US to Weigh Options vs. North Korea

A growing chorus of U.S. lawmakers are declaring the death of American college student Otto Warmbier just days after he was released from a North Korean prison "murder," and all eyes are on the White House as the Trump administration weighs possible responses.

Warmbier, the University of Virginia student detained in North Korea for nearly a year and a half, died on Monday as a result of what his parents called "awful torturous mistreatment... at the hands of the North Koreans." His death came just a week afer he was flown home in a coma-like state with devere brain damage.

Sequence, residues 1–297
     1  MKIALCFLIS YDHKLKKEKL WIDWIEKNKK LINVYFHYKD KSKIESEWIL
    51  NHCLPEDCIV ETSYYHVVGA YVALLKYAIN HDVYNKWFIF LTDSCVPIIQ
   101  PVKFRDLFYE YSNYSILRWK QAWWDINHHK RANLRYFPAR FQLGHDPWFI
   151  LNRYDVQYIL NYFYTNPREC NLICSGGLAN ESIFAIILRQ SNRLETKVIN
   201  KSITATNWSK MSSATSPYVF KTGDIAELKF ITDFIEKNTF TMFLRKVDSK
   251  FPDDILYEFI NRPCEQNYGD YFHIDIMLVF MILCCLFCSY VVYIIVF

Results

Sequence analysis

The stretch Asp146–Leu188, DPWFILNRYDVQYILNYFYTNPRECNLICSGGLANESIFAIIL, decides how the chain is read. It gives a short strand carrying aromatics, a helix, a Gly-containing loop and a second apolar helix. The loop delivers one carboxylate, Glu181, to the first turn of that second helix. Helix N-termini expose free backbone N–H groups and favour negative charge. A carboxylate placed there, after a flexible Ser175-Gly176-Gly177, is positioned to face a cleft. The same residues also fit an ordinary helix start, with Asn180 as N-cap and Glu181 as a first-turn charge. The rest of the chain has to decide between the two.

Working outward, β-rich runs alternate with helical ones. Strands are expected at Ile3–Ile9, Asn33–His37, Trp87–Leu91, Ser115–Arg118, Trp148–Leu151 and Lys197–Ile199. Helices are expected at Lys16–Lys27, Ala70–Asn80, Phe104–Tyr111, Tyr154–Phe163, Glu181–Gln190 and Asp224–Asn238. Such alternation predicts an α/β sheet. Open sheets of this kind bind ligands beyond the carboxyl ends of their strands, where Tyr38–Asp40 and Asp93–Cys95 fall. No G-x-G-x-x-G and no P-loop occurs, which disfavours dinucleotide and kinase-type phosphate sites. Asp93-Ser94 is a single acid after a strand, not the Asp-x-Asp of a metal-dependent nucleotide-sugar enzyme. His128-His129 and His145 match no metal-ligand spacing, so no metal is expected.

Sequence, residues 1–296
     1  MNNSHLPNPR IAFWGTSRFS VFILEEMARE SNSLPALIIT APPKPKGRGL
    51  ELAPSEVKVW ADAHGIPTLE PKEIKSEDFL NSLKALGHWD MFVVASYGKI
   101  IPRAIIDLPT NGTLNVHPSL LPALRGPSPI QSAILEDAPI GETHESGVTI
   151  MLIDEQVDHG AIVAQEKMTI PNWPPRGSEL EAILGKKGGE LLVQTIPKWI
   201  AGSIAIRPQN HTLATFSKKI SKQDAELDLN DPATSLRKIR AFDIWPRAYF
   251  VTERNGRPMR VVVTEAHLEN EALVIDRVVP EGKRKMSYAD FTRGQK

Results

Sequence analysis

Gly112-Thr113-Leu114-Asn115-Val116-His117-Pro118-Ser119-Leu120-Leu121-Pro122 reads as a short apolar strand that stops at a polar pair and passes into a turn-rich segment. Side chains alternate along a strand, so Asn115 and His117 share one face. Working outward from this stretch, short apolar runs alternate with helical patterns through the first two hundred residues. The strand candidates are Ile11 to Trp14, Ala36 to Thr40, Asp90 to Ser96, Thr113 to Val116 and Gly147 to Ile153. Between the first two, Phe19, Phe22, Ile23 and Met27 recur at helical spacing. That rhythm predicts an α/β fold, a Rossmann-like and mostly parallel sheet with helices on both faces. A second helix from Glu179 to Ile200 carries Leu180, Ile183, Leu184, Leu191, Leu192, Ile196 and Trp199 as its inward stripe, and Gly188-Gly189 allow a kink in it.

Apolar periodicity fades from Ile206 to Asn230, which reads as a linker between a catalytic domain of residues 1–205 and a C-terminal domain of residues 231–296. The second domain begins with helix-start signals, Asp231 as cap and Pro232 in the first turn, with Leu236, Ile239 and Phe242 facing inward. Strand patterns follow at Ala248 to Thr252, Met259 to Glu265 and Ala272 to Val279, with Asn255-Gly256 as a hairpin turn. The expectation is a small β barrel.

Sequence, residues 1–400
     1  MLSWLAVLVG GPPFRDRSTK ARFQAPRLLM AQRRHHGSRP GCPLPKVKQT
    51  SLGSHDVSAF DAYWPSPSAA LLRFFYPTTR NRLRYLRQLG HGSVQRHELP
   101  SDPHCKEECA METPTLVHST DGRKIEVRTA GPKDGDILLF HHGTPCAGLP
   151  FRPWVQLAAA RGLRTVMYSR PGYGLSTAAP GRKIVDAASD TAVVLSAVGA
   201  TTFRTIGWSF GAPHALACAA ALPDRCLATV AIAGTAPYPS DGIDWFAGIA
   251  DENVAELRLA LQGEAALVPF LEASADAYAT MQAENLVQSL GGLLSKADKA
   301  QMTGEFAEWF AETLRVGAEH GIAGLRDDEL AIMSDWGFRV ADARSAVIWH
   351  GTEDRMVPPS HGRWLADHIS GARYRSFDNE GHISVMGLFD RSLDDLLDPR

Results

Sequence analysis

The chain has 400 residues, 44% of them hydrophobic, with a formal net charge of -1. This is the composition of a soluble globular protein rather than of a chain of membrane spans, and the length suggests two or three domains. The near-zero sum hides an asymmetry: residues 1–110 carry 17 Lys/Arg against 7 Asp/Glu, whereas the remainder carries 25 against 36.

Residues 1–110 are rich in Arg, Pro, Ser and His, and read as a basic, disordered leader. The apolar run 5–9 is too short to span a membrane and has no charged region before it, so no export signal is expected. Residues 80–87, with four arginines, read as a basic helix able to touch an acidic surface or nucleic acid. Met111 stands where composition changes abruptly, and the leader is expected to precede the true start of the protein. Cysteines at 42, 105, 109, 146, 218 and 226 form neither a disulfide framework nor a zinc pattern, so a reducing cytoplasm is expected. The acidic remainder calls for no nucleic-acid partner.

"There is nothing more tragic for a parent than to lose a child in the prime of life," a somber President Trump said Monday.

As anger built around the nation at the North Korean regime's deadly brutal treatment of an American, Trump declared North Korea's treatment of Warmbier "a total disgrace," and called the North Korean government is "a brutal regime." The U.S. will "be able to handle it," Trump added.

The administration was already wrestling with option for containing an increasingly belligerent  North Korea before the shocking return of a mortally wounded Warmbier. As the rogue regime repeatedly threatened the U.S. and its regional allies, testing missiles at least nine times since Trump's election, the administration looked to China to help.

"Otto Warmbier should never have been in jail for tearing down a stupid banner. And he most certainly should not have been murdered for it," Rubio tweeted.

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